Life as a Female CIA Targeting Officer

Author Interview

[ED NOTE from Cipher Brief CEO Suzanne Kelly: I met Nada Bakos, the author of The Targeter:  My Life in the CIA, Hunting Terrorists and Challenging the White House, nearly a decade ago.  We had a mutual friend, whom Bakos refers to only as ‘Katherine’ in the book and the three of us had gotten together several times, mostly over wine, to talk about our lives, which often led to conversations about their own (non-classified) experiences as women in the CIA.  I became close friends with Katherine, and today, count her as one of my most-trusted friends – the kind you can tell anything to and know they may laugh outrageously at you – but will never judge. 

One of the things the three of us talked a lot about back then was how absurd it seemed that there weren’t more stories of what women do at CIA.  As a journalist, I didn’t fully understand the commitment and sacrifice that many of them made in the course of fulfilling their own personal need to contribute to something bigger than themselves while balancing that with their desire to have families and raise children. The death of Jennifer Matthews, a mother of three, at Khost in Afghanistan in 2009 served as a wake-up call to me. Though I never met her, she was a personal friend to many of the women at CIA and had made the ultimate sacrifice for something she believed in.  It jolted in me a sense that more women needed to share their experiences in ways that provided a new, more accurate narrative of how the country’s most-famous intelligence agency accomplishes its mission.  I’d sadly lost contact with Bakos for a few years but was thrilled to re-connect and interview her about her new book.  Bakos was a member of CIA’s Analytic team leading up to and during the Iraq war.  It was a team that included several key women. Bakos was eventually asked to serve as Chief Targeting Officer in pursuit of one of the most-deadly terrorist leaders, Abu Musab al-Zarqawi.  I’m so glad Bakos decided to tell her story and hope that hers, along with others, will inspire more women to follow their passions.]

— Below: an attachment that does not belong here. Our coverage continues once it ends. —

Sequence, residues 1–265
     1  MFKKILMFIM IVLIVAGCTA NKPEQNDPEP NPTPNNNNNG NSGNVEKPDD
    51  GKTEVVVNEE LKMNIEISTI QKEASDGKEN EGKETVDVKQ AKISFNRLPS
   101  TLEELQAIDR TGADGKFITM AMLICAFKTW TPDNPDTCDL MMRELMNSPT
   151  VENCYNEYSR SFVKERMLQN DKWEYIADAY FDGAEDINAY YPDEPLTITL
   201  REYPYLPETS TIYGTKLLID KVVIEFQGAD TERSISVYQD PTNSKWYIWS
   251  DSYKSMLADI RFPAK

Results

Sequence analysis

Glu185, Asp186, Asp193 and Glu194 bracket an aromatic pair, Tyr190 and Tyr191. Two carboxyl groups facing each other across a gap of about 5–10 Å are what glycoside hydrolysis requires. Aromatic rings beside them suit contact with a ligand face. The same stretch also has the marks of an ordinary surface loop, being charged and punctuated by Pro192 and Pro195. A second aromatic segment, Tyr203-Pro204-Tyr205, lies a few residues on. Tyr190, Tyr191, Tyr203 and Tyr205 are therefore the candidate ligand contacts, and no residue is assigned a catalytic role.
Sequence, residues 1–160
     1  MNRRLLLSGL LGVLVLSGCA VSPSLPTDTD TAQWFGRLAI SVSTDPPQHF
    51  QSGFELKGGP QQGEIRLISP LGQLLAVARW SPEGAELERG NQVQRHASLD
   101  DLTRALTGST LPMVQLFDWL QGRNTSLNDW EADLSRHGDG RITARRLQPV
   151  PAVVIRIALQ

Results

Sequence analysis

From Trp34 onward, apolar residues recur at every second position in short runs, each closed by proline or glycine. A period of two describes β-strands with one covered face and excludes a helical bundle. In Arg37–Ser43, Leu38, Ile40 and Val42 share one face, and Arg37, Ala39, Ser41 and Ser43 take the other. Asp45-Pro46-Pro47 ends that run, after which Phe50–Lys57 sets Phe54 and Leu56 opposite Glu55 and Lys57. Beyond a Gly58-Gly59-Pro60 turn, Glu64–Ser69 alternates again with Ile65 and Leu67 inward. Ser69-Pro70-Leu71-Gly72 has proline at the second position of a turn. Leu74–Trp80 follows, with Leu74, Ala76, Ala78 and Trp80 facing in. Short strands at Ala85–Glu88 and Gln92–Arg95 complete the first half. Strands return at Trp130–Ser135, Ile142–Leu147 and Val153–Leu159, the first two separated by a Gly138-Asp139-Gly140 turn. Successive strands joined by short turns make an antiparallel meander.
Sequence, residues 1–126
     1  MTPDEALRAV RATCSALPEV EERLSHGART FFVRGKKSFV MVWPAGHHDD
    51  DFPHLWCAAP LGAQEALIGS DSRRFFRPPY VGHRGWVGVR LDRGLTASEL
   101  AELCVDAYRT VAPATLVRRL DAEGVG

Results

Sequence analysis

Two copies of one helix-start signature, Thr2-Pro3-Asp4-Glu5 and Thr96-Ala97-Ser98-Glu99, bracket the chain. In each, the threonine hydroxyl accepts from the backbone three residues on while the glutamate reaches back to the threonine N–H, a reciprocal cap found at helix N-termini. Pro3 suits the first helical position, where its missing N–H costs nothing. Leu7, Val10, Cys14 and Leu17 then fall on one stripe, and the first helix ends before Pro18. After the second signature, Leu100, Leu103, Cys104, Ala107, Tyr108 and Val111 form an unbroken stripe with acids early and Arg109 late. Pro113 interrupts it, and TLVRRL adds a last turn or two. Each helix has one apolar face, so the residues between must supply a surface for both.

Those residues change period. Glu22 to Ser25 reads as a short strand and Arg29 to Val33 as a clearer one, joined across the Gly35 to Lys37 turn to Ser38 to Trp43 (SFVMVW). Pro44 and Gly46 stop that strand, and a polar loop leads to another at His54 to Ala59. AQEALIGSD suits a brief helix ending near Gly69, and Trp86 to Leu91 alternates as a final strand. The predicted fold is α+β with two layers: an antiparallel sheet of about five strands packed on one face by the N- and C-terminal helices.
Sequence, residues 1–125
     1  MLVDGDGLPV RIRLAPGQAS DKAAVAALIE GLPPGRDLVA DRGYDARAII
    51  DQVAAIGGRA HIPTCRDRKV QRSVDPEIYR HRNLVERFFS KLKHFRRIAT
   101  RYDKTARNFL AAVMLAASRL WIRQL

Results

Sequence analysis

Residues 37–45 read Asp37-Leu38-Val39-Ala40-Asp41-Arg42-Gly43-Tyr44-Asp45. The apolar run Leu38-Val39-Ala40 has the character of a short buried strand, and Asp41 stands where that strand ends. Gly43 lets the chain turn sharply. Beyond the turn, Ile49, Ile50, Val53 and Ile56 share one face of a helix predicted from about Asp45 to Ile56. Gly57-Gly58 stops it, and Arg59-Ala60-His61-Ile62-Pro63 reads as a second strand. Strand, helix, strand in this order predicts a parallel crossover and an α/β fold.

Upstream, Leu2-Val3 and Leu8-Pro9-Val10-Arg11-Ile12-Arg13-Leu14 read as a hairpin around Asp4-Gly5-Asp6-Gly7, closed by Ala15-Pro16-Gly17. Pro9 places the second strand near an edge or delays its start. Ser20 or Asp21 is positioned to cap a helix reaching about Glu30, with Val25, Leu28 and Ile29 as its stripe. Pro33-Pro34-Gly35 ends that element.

The Cipher Brief has become the most popular outlet for former intelligence officers; no media outlet is even a close second to The Cipher Brief in terms of the number of articles published by formers.” —Sept. 2018, Studies in Intelligence, Vol. 62

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Author Interview

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